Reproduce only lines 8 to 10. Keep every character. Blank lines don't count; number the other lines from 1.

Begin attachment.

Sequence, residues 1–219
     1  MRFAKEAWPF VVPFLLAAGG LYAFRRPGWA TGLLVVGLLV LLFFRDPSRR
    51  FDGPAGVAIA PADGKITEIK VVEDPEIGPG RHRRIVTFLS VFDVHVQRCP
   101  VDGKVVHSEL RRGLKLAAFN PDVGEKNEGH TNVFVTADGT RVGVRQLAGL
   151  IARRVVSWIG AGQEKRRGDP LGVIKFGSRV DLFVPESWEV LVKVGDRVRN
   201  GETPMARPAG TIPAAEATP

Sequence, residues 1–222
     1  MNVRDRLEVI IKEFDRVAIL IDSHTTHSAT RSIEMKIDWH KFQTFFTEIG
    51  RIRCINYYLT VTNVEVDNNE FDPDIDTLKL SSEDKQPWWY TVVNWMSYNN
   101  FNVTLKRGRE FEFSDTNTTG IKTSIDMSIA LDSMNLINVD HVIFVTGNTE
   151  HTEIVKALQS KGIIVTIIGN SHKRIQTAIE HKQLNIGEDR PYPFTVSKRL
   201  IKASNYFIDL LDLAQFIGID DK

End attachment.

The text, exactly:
     1  MNVRDRLEVI IKEFDRVAIL IDSHTTHSAT RSIEMKIDWH KFQTFFTEIG
    51  RIRCINYYLT VTNVEVDNNE FDPDIDTLKL SSEDKQPWWY TVVNWMSYNN
   101  FNVTLKRGRE FEFSDTNTTG IKTSIDMSIA LDSMNLINVD HVIFVTGNTE